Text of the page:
7th Grade Math : Unit #3 - Percents : Lesson #9

Markup and Markdown Review - Are you paying more or less?

Objective: Students will be able to solve a variety of problems involving markup and markdown.
Standards: 7.RP.A.3 MP1 MP2 MP3 MP4 MP7
Subject(s): Math
60 minutes
1 Launch - 10 minutes

OpenerAs students enter the room, they will immediately pick up and begin working on the opener – Instructional Strategy - Process for openers.  This method of working and going over the opener lends itself to allow students to construct viable arguments and critique the reasoning of others, which is mathematical practice 3

Learning Target:  After completion of the opener, I will address the day’s learning targets to the students.  For today’s lesson, the intended target is, “I can apply percent to solve real world problems.” Students will jot the learning target down in their agendas (our version of a student planner, there is a place to write the learning target for every day). 

Thoughts from Me! Students will need to pay careful attention to precision when moving the decimal point and completing the calculations (mathematical practice 6).  Percents lend themselves to real world application problems, requiring students to model and reason given models (mathematical practices 2 and 4). Students will be permitted to use tools as needed - calculators and bar models (mathematical practice 5).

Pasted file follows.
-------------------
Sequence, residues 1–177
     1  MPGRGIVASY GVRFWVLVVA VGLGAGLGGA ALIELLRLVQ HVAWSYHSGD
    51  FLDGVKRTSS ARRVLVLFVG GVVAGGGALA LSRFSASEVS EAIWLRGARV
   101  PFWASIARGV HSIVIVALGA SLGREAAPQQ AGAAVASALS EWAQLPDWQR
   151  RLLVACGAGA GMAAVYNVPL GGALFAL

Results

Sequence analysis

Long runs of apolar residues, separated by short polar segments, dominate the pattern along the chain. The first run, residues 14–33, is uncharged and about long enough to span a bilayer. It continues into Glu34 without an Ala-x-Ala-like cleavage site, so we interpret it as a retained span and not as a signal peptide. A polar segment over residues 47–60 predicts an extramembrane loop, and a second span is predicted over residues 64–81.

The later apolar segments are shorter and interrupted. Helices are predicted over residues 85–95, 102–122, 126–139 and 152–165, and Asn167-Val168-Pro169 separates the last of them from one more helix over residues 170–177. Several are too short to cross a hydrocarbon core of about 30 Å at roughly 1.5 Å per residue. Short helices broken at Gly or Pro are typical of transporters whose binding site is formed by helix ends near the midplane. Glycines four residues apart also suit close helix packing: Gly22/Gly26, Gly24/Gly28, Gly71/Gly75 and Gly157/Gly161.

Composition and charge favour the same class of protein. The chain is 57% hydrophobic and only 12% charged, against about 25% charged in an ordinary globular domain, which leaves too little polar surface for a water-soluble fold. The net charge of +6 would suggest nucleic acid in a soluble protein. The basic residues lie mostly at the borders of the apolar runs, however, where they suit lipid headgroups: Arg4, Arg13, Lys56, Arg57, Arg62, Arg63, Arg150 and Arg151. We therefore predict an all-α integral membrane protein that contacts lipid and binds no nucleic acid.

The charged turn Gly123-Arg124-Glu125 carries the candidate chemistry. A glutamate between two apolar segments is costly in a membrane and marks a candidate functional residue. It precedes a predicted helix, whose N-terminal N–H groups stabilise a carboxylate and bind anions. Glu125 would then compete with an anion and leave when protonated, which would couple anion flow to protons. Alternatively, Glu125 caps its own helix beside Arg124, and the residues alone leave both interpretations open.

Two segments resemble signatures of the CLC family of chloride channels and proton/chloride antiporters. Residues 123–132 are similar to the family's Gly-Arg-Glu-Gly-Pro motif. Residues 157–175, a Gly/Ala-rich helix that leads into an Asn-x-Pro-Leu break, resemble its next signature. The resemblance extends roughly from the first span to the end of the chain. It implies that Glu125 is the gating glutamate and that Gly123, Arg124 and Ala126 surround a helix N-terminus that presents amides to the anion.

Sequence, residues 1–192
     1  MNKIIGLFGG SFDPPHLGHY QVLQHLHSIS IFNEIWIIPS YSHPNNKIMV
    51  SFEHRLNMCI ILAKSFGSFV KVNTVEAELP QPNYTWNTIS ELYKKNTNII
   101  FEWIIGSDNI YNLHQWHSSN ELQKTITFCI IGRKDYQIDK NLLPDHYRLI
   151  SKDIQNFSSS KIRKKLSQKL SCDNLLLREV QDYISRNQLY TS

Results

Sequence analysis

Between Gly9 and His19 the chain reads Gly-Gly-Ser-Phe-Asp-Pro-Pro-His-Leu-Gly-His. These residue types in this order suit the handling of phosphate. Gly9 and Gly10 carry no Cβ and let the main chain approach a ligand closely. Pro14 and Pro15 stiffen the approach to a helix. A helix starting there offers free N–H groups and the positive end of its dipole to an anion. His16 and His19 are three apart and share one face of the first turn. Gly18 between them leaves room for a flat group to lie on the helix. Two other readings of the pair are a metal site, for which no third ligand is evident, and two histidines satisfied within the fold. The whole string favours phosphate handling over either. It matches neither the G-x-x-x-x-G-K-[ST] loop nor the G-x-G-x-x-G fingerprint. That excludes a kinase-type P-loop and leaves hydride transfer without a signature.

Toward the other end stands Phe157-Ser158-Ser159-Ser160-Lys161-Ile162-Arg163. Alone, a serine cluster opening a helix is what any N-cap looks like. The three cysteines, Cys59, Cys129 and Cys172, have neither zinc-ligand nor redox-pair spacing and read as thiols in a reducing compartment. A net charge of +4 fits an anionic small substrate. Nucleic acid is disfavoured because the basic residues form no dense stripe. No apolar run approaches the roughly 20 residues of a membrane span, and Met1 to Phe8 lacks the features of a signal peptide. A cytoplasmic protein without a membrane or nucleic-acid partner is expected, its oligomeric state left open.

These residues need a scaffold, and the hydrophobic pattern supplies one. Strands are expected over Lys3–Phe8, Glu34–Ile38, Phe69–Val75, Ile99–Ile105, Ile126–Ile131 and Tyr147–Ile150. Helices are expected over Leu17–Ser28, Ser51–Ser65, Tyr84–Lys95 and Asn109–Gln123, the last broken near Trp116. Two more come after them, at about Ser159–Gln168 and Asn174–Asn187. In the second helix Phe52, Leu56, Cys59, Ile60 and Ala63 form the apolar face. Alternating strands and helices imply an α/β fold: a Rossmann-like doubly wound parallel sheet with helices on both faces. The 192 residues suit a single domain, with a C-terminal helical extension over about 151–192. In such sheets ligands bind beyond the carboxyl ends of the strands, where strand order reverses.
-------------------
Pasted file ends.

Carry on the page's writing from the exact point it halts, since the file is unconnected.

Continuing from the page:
3 Summary - 5 minutes

Open Discussion:  To summarize this lesson, I want to give students an opportunity to ask any questions that they still have regarding percents, as tomorrow they will have a test.  Thus, I will open the floor for discussion, normally once one student asks a question, a good discussion begins!

Summary Reflection
Checks for Understanding

During the summary time, I had a student ask "how can you tell when it is just a percent?"  I find that students struggle when the problems are all mixed up.  To answer his question, I asked him a question - how do you know when it is a mark up, or a mark down?  He responded by giving me key words and examples.  As he was rattling off tax, tip, sale, .... he said - "so when these words aren't there, and it says something like "how many students wear sneakers" then it is just a percent.  Precisely.  I told him there is no cut and dry formula, but that he needs to read and understand what the problem is asking to be able to determine what he needs to do.  We will see how he does on the test...